Brexit and the shock of Donald Trump becoming President are the result of populism, described by the Encyclopædia Britannica as ‘a political movement that champions the common person.’
The victory of the UKIP-led campaign for Brexit convinced millions that their votes actually counted.
Populism threw a spanner in the establishment’s works and politicians have had to take note.
But have they? Or are the devious old tricks still in full flow.
The old joke about waiting for a bus and then three coming at once must be a politician’s favourite, the latest ‘bus’ being a General Election on June 8.
In terms of political strategy, in calling the election, Prime Minister Theresa May has pulled off a master stroke.
The ballot-box weary mood of the country was clear when, on April 18, the BBC’s TV correspondents stopped people in the street and asked if they knew an election had been called.
Two middle aged ladies, one in Leeds, the other in London, gave almost identical answers; “Oh, no! There isn’t, is there? Haven’t we had enough already? Well, I’m not voting!”
Yet people will vote, and Mrs May has a good idea who they’ll be.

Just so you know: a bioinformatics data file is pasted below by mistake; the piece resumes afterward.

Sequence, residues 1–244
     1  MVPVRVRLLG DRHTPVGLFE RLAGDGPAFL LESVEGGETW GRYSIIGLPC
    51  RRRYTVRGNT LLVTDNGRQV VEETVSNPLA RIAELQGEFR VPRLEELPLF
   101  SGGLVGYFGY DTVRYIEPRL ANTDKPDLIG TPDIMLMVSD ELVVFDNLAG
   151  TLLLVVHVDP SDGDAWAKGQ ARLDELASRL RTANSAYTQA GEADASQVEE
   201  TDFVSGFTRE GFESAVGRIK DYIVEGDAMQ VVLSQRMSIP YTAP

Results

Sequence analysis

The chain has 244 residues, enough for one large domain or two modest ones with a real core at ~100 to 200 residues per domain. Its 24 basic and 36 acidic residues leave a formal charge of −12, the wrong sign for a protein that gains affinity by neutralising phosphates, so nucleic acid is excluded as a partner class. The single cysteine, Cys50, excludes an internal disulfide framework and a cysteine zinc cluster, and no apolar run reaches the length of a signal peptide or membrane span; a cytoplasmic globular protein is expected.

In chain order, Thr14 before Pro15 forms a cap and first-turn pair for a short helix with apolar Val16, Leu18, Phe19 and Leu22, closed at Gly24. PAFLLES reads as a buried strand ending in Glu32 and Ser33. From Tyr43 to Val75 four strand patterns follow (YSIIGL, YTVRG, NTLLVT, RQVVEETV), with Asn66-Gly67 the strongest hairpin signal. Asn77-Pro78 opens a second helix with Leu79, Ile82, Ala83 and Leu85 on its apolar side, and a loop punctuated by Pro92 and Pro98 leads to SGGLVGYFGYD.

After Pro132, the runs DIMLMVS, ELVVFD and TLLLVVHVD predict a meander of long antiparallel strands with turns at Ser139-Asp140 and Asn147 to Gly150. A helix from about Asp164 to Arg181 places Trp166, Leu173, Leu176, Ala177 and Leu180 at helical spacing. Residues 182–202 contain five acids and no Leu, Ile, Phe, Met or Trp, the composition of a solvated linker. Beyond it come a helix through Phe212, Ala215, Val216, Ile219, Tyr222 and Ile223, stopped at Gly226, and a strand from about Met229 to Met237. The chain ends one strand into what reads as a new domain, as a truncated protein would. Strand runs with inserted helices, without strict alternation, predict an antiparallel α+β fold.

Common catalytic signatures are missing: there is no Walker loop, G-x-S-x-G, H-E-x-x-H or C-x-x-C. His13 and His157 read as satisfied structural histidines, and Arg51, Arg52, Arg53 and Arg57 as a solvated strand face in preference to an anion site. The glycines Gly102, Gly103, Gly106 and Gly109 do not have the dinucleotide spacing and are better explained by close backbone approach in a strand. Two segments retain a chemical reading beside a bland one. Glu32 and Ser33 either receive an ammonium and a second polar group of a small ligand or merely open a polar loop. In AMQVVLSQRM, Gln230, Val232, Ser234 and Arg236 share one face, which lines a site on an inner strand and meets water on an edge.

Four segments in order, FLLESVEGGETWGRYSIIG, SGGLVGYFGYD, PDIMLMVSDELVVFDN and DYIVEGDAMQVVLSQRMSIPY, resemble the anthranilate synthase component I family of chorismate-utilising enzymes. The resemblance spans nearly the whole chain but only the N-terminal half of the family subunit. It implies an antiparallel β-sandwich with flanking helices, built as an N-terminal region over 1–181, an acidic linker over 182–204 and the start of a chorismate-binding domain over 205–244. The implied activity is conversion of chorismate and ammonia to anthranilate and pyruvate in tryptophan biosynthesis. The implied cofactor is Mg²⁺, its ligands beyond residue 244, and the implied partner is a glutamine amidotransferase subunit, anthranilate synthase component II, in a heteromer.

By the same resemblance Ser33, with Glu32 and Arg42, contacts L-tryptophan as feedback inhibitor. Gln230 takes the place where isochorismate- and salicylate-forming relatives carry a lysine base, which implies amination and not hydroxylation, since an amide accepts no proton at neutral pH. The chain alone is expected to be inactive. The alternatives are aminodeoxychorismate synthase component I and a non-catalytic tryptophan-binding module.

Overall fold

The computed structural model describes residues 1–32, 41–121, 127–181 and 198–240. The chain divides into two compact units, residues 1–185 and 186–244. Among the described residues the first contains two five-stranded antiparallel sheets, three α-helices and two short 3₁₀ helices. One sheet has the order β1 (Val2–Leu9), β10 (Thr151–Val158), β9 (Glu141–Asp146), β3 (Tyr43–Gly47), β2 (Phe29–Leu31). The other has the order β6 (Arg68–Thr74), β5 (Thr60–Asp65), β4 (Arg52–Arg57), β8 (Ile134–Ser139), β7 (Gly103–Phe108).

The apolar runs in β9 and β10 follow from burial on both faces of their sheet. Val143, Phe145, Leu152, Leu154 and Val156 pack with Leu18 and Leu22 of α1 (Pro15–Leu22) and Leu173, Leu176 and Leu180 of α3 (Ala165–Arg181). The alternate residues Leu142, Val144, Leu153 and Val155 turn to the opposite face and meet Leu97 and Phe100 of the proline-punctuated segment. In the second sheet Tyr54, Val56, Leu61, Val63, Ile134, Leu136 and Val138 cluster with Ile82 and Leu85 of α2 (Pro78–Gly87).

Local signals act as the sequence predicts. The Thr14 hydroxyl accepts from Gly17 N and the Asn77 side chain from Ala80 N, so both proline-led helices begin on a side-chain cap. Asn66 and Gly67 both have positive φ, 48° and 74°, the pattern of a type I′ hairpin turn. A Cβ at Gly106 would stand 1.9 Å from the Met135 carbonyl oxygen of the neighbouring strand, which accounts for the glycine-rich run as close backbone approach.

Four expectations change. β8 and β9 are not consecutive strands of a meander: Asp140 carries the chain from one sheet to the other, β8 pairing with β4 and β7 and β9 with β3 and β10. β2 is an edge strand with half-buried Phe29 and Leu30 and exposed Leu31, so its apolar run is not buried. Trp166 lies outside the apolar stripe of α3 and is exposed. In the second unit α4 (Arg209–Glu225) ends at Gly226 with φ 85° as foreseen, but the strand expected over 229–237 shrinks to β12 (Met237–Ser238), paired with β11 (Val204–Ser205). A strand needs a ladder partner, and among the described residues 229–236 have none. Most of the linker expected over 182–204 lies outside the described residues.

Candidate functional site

There’s been a growing undercurrent of impatience among Leave voters over the protracted nature of the Brexit negotiations.
It seems likely that the majority may prefer to stay with Mrs May at the helm, rather than the momentum being lost by a new leader taking up the reins.
On the other hand, the byzantine Brexit negotiations are a lengthy nightmare and Mrs May must find the prospect of being knocked around by assorted Eurocrats for the next two years unbearable.
So if she loses in an election, she’ll be off that particular hook.
But that seems doubtful.
Labour are 20 points behind the Conservatives and the Liberal Democrats’ Tim Farron is whistling in the wind thanks to his predecessor, Nick Clegg.
As politics lurches steadily to the extreme right in this new age of post-truth, lies and contradictions, the prospect of Britain as a hard line, conservative state for the next five years will be just what the twittering President Trump needs – a non-EU platform from which he can castigate NATO, the UN and what he regards as the horrendous idea of free health care.
A hard Brexit, more austerity for us, more tax cuts for the rich, more financial starvation for the NHS.
Never mind, at least we’ll have grammar schools.
That’s the trouble with politics, whoever you vote for, the Government always gets in.